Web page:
I’ll leave it to the expert political pundits to handicap which of these arguments will resonate with the American people, but it seems to me the more important question is which candidate has the better plan to promote future job growth. And in this context, neither candidate is inspiring. President Obama has laid out a plan for a further round of economic stimulus, but it is timid in scope and has little chance of overcoming a Republican filibuster. Mitt Romney’s plan — short on details as it is — calls for a simpler tax code and less regulation. But find me anybody in Washington who doesn’t want to streamline the tax code. And sure, a simpler tax code would likely promote economic growth, but once the tax debate truly gets underway, special interest lobbyist will descend on Washington like a swarm of locusts, to gut — if not completely scuttle — any proposed reform.

Considering Washington’s current aversion to further deficit spending,  the best case scenario — regardless of who is in the White House — is that the so-called fiscal cliff (a set of spending cuts and tax increases due to go into effect at the end of the year) is averted and a more gradual austerity package is put into place at the same time that the tax code is simplified. And then we have to hope that these gradual tax increases and spending cuts, whatever their magnitude, won’t slow down economic and employment growth.

21 comments
bwshook
bwshook

I'll bet my bottom dollar that after the election, the unemployment rate will be "adjusted" to 8.4%.  I believe Obama told the BLS what they should report on Friday, with the understanding of an "adjustment" made after Nov. 6th.

Mary Waterton
Mary Waterton

Unemployment drops to 7.8% and yet food stamps are at an all-time high, food banks are being stretched to the limit, and the labor force participation rate is at a 30 year low? Something doesn't smell right about that number. According to the economic experts, 5% is normal unemployment. How can we be 2.8% away from normal and things be so bad???

jumbo80
jumbo80

7.8%!  Happy days are here again! 

zrlx
zrlx

Good for Oba

RobertSF
RobertSF

Because of how it's calculated, the U3 number (there are six unemployment figures, and they use U3 as the official one) is fairly meaningless.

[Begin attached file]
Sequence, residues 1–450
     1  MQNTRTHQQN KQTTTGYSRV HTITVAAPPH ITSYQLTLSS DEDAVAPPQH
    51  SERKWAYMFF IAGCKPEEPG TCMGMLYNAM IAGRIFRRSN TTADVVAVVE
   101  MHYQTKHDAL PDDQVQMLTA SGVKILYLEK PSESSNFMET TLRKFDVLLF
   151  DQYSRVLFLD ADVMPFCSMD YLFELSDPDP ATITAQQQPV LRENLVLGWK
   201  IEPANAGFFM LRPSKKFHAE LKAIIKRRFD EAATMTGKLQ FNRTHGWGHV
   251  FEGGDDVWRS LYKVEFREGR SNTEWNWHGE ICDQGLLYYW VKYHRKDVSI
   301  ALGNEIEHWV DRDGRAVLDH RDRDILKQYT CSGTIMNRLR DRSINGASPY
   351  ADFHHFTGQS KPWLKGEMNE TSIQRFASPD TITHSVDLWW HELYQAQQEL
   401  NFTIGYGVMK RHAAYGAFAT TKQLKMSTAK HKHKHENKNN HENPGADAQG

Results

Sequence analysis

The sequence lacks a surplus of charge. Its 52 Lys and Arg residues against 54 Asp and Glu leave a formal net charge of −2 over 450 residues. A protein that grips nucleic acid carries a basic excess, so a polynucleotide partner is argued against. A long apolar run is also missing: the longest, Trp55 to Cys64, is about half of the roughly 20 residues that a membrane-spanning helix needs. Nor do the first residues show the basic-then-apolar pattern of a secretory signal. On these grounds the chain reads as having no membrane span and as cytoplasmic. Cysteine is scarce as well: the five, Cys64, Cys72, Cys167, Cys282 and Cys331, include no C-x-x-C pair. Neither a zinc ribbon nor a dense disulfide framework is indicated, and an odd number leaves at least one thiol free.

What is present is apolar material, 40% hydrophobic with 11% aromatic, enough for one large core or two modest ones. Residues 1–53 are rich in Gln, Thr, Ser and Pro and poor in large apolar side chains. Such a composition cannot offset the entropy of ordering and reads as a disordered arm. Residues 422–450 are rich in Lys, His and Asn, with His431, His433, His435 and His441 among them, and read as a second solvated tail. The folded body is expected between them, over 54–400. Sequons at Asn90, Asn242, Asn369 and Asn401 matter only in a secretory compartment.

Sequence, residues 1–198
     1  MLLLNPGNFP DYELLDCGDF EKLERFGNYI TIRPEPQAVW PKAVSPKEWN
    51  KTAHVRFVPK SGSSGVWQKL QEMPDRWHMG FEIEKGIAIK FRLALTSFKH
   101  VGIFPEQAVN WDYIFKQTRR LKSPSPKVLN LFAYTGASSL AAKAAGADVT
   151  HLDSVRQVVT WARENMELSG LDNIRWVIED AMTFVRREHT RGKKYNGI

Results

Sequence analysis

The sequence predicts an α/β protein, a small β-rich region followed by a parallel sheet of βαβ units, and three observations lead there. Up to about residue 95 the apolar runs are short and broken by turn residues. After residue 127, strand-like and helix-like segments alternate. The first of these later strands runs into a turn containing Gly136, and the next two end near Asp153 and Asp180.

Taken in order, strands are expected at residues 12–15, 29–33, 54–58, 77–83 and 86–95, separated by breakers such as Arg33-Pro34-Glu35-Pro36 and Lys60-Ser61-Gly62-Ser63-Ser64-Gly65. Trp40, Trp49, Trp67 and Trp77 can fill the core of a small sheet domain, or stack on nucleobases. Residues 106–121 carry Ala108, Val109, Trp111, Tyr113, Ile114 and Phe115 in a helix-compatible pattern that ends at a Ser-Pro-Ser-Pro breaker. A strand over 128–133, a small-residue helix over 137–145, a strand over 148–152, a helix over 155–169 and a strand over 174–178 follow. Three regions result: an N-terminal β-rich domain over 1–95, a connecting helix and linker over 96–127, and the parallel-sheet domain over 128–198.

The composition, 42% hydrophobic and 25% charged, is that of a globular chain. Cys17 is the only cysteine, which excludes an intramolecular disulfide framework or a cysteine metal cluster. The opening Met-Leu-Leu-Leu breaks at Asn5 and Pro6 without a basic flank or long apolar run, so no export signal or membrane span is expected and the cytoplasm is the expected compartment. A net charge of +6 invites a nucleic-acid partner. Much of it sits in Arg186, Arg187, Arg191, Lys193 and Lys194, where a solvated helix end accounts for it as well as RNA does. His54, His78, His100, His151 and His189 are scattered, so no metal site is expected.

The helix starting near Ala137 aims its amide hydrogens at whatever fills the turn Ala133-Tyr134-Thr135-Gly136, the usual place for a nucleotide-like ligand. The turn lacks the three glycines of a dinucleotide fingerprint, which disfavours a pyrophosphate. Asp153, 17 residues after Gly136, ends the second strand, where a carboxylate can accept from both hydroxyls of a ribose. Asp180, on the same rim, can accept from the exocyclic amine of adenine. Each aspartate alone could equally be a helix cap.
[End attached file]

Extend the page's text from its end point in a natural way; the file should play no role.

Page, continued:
Here's a more common sense way. Ask the BLS what percent of America can find jobs? The answer hasn't changed in three years. See for yourself.

http://www1.picturepush.com/ph...

superlogi
superlogi

When you can explain to me how adding 114,000 jobs when you need 150,000 to keep up with population growth and drop .3% in the unemployed, I'll believe the number.  Until then, I'll just consider it another Obama manufactured miracle.

Raymond Chuang
Raymond Chuang

Unfortunately, when you look at the numbers more closely, the jobs situation is NOT really improving, given the large number of people giving up looking for a job or in underemployed situations. It's time for major regulatory and income tax reform so American businesses are _encouraged_ to keep jobs in the USA and expand business operations.

snowleopard (cat folk gallery)
snowleopard (cat folk gallery)

So the administration is still cooking the books; they artificially boosted by recalculation the July and August employment rates, thus granting an artificial 'boost' or 'gain' to the rate of unemployment.

Propaganda, hype, lies and blatant hypocisy on the side of Team Obama.

He has failed in all domestic and foreign matters; now he has again failed in a desperate, last ditch effort to make himself appear as a success.

No October surprise - just an October farce.

kawliga
kawliga

During this election any good news for the American people the GOP will

consider bad. They would like nothing more than for the unemployment

rate to go up and the American people to fall flat on their face so they

can point a finger at the President. They should rejoice in the drop

in unemployment but say they could do better instead of crying that its

all smoke and mirrors.  You can bet that if the GOP held the White House that these numbers would be the greatest thing ever.

tv22
tv22

What these numbers tell me is that the Obama administration simply is unable to do basic math and wants to continue this myth that everything is okay.    There are facts here and the facts are that fewer people got jobs than entered the market - last month and all the revised months as well.

How about reporting how many people have full time jobs versus how many people are eligible to work full time?